UPDATED POST ON sparkypus.com A Medieval Potpourri https://sparkypus.com/2020/05/14/the-carmelite-friary-of-norwich-known-as-whitefriars-burial-place-of-eleanor-talbot/ COWGATE NORWICH, DAVID HODGSON c.1860. WHITEFRIARS STOOD ON THE EASTERN SIDE BETWEEN THE CHURCH OF ST JAMES POCKTHORPE (SEEN ABOVE) AND THE RIVER A SHORT DISTANCE AWAY..NORWICH MUSEUM On this day, 30 June, died Eleanor Butler nee Talbot. Eleanor came from an illustrious family. Her father was… Continue reading THE CARMELITE FRIARY OF NORWICH KNOWN AS WHITEFRIARS – BURIAL PLACE OF ELEANOR TALBOT
I came across this page in a book The English Parliaments of Henry VII 1485 – 1504, written by P R Cavill. As I haven’t read all the book I am not sure why he is citing something that happened in 1483 in a book about Henry VII’s Parliaments. Maybe it is meant to be… Continue reading Earl Rivers, What was he up to in January 1483?
Memorial brasses aren’t always kind to the deceased, but this one is downright cruel. I know the man was a Stanley, but even so…well, he looks like the back end of a bus. A bow-legged bus at that. (I know buses don’t have legs, but I’m sure you know what I mean!)
This site provides the text of Titulus Regius in full – in understandable English! Worth a look.
It was not the first time that a Convention Parliament had effectively determined the succession. We might look, for example, the precedent of 1399, when just such an assembly deposed Richard II and (in effect) elected Henry IV, who was not even Richard II’s right heir. (He was the heir male, but strangely enough did… Continue reading The meeting of the three Estates, 25 June 1483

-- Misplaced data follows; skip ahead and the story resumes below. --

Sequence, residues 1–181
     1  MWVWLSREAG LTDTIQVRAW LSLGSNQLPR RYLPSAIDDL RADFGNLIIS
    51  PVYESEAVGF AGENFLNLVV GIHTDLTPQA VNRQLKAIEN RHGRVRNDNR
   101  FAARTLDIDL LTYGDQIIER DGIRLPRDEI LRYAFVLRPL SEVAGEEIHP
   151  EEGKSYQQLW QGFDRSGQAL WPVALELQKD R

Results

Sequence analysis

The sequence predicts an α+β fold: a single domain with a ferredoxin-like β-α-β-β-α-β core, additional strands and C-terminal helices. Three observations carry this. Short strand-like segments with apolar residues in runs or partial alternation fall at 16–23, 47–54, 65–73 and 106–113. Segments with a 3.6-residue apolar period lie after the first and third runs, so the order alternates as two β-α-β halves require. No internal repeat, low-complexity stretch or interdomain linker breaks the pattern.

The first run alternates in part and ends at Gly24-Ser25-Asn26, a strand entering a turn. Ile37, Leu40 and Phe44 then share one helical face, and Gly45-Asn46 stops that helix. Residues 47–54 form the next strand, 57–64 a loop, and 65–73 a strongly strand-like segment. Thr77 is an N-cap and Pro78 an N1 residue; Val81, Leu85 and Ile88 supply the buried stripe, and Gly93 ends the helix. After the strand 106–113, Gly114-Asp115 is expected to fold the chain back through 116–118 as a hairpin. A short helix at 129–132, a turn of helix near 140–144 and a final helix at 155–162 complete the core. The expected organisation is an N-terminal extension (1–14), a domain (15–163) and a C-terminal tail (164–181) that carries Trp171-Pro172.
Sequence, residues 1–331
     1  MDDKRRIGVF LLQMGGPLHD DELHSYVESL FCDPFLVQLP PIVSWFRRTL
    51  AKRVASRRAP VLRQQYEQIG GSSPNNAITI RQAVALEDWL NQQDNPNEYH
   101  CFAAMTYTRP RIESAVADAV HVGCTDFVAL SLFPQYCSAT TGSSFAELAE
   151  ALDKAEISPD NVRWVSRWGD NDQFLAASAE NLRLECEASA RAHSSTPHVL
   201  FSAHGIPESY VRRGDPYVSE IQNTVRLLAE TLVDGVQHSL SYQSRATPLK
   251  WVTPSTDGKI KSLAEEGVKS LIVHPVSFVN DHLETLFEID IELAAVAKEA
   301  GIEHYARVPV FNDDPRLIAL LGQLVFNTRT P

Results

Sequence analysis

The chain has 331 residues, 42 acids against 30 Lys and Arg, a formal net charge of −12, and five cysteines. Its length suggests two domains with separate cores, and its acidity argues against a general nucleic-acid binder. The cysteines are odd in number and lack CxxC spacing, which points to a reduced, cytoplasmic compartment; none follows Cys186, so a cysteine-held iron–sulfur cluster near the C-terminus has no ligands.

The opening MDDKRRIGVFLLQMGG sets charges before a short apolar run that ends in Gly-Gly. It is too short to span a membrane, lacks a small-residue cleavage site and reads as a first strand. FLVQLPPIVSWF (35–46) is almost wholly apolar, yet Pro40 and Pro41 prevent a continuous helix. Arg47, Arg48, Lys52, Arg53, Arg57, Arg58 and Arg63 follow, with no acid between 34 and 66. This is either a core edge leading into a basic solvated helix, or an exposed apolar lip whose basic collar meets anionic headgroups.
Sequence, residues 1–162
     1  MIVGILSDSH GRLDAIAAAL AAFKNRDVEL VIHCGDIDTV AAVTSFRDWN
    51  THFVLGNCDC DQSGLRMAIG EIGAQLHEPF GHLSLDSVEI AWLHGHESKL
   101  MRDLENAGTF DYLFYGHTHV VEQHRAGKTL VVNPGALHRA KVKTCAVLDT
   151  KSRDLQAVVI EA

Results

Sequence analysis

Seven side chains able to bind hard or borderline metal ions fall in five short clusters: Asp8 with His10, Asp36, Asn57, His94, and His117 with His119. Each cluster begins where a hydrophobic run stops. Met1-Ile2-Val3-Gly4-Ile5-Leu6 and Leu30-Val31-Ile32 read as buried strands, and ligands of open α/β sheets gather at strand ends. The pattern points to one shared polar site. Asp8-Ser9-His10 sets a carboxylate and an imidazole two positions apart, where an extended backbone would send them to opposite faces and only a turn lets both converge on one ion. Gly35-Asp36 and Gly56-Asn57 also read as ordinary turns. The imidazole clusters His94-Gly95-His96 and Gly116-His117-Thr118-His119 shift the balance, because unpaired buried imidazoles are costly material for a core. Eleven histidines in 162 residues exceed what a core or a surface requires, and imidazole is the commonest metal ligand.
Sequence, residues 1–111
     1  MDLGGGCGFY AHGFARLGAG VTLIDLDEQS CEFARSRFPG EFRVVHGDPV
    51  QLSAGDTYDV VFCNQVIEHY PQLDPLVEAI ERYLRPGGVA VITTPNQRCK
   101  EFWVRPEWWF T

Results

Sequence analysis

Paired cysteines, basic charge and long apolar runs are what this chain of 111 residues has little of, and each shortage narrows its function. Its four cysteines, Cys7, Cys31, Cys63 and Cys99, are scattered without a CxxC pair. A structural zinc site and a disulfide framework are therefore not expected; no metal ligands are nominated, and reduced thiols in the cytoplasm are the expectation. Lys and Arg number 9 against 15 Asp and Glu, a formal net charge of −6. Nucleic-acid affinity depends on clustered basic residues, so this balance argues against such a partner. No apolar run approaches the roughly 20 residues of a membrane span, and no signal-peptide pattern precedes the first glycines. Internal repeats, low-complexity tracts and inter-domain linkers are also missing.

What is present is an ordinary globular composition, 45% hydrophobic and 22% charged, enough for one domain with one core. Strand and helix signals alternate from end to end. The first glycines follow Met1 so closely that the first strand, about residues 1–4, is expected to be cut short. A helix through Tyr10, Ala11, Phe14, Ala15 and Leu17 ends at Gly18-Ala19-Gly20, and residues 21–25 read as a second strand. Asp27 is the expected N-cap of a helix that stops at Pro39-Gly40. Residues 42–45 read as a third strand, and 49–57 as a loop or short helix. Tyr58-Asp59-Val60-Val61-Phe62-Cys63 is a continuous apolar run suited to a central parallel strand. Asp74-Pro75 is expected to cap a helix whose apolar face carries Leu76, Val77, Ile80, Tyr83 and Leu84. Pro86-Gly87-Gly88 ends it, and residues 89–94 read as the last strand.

Reginald Bray was born in Worcester in around 1440. He was the second son of Sir Richard Bray, a surgeon, and Joan Troughton. He was educated at the Royal Grammar School at Worcester. Leland mentioned that his father, Sir Richard Bray was Henry VI’s doctor. Reginald was married to Catherine Hussey. Bray is described by… Continue reading Sir Reginald Bray – not by L.P. Hartley
Last autumn, we reblogged posts to illustrate that the denialists of the history world, quite apart from their antics with respect to Richard III, quoted an obviously non-existent part of a document about Edward II and cited a book on botany, with reference to John Pitt, 2nd Earl of Chatham, that he couldn’t have owned… Continue reading Yet another target for the Cairo dwellers
Added to the list of monarchs and notables found or potentially to be found beneath car parks, tennis courts, and other such mundane places must be the Queen of Henry III, Eleanor of Provence. Buried in Amesbury Priory after her body was kept in ‘storage’ by the nuns for two months while her son, Edward… Continue reading The Maligned Queen in the Car Park
Here is an article from English Historical Review, 1st June 1998, telling of how and why Richard, 3rd Duke of York, laid claim to the throne of England. The root cause was an entail to the will of Edward III, who was admittedly in his dotage at the time. The entail, which excluded a female… Continue reading How and why the House of York laid claim to the throne….